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Global ocean acidification monitoring network to launch at Rio summit

Efforts to deal with increasing acidification of the oceans will get a signal of support Sunday with a U.S. announcement that it will provide $1 million over the next three years to launch a global monitoring network.

The creation of the International Coordinating Office for Ocean Acidification, which will be housed within the International Atomic Energy Agency’s Environment Laboratories in Monaco, marks the first worldwide effort to track how increasing carbon emissions are making the world’s oceans more acidic.

Officials from the United States, which, along with Australia and New Zealand, will establish the office, will make the announcement Sunday afternoon at the Rio+20 Earth Summit, a once-in-a-decade meeting that is convening in Rio de Janeiro this week. Also known as the U.N. Conference on Sustainable Development, the gathering aims to assess the state of the planet and take steps to solve its most critical problems.

Still, Sunday’s announcement also highlights some of the fiscal constraints global policymakers face when it comes to the environment. Scientists have estimated a robust global ocean acidification monitoring effort will cost $50 million.

The sea absorbs between 25 and 30 percent of the carbon dioxide humans release into the atmosphere, and these emissions have altered the chemical composition of the oceans so that their pH is now 0.1 lower, or 30 percent more acidic, than preindustrial levels. This could pose a serious problem for marine creatures that need calcium carbonate to form their shells, ranging from corals to tiny pteropods that are part of the basis of the food web.

Lisa Suatoni, a senior scientist at the Natural Resources Defense Council, said in a phone interview from Rio that the new initiative will help address “a silent problem” with grave repercussions.

“We really need to get probes into the water and see what’s going on,” Suatoni said. “This will help to acknowledge that ocean acidification is a major global threat to ocean resources.”

Jean-Pierre Gattuso, a French scientist who first proposed the international coordinating office, noted in an e-mail than ocean acidification research “is still in its infancy.”

“It really started about 10 years ago, and numerous questions remain unanswered,” wrote Gattuso, who is based at the Laboratoire d’Oceanographie in Villefranche-sur-Mer, France. “For example, while the increase in ocean acidity during the past two decades and its projected increase in the coming decades is an indisputable fact, the impacts on organisms and ecosystems remain largely uncertain.”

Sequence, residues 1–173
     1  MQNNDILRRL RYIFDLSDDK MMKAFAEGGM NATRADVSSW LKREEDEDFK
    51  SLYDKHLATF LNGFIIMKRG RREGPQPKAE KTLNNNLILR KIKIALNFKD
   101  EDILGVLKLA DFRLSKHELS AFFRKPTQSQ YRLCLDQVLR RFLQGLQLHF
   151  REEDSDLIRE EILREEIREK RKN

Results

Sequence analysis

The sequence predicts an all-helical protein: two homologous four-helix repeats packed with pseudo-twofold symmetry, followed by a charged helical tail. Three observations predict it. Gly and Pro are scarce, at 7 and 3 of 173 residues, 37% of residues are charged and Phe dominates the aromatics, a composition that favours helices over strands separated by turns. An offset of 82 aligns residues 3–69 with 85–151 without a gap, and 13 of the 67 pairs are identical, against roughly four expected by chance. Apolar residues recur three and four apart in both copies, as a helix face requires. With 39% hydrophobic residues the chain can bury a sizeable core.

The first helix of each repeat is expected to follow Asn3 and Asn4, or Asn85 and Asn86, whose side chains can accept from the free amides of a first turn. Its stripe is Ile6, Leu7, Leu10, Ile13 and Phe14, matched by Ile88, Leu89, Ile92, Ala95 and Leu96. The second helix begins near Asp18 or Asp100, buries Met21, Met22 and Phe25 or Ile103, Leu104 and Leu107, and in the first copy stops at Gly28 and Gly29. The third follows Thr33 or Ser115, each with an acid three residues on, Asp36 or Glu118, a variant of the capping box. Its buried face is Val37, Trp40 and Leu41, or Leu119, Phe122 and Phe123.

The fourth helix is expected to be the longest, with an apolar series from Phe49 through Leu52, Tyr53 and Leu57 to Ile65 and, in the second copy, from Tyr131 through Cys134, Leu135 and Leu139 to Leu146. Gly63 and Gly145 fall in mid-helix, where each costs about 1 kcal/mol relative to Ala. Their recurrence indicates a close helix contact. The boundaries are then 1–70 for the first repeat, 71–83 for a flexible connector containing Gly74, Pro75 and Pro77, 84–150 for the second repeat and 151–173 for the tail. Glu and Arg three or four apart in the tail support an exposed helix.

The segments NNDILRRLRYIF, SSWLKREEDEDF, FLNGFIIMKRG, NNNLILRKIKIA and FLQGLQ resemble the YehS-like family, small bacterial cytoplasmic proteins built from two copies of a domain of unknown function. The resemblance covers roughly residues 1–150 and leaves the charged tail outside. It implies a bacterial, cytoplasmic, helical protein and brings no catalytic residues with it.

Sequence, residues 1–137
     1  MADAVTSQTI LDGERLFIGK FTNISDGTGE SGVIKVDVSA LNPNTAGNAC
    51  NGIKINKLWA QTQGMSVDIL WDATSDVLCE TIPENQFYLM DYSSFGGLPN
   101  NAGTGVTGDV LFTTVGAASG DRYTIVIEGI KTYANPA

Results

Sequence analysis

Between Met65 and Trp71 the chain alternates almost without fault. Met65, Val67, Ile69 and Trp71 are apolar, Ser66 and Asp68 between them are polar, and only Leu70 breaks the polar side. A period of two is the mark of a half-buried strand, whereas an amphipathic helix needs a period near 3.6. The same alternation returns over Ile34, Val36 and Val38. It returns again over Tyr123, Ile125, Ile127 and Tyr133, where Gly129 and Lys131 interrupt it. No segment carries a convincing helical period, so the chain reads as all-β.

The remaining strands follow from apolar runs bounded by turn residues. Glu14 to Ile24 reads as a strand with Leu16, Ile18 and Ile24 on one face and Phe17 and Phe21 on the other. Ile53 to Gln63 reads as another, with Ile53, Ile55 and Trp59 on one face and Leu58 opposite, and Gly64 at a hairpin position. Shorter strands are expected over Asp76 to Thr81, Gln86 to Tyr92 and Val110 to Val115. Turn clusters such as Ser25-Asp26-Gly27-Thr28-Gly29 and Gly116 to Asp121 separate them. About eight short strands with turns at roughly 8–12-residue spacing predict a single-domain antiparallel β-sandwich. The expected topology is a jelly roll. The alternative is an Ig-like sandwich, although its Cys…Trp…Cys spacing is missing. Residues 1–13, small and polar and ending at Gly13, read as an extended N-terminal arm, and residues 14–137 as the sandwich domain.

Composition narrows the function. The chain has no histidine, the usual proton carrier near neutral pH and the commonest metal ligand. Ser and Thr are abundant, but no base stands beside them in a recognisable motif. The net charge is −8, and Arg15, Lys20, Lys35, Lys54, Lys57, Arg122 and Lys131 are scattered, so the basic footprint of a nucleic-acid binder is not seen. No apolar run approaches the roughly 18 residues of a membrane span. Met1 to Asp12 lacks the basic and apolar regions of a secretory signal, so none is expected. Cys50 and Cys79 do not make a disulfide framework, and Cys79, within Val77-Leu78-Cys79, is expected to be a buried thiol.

The United States launched its own national monitoring system three years ago, but it has been funded at just $6 million, a fifth of what was authorized. There is also a European Project on Ocean Acidification that has conducted some international monitoring. But it ends this month, and Gattuso said that “there is very little support available for international coordination within the current [European] national projects.”

Richard A. Feely, a senior scientist at the National Oceanic and Atmospheric Administration, said it is critical to coordinate global ocean acidification research.

“The way things are done right now, every set of measurements is different,” he said.

Erika Rosenthal, an attorney with Earthjustice’s international program, said the new commitment shows “the oceans are getting a lot of attention” in Rio. She said she and others were “heartened” by the establishment of a global monitoring system for ocean acidification, “but the amount pledged clearly falls short of what the scientists consistently have said would be needed for a serious effort. We hope that this is a first step, and both the U.S. and other countries would increase their commitments.”

In a call with reporters Friday, Kerri-Ann Jones, U.S. assistant secretary of state for oceans and international environmental and scientific affairs, said the success of the Rio summit should not be judged by how much money is pledged.

“This is about mobilizing actions at the community, state and nation level,” Jones said. “It’s really about how nations come together, and they’re sharing their experiences and they’re trying to take on the challenges together, looking to innovative ways to get at things.”

In the past few days, Australia announced the establishment of the world’s largest network of marine reserves and Mexican President Felipe Calderon canceled plans for a major resort near Cabo Pulmo National Marine Park, an ecologically valuable marine reserve. Negotiators also are discussing how to reduce illegal fishing and overfishing.

Juliet Eilperin is The Washington Post's White House bureau chief, covering domestic and foreign policy as well as the culture of 1600 Pennsylvania Avenue. She is the author of two books—one on sharks, and another on Congress, not to be confused with each other—and has worked for the Post since 1998.

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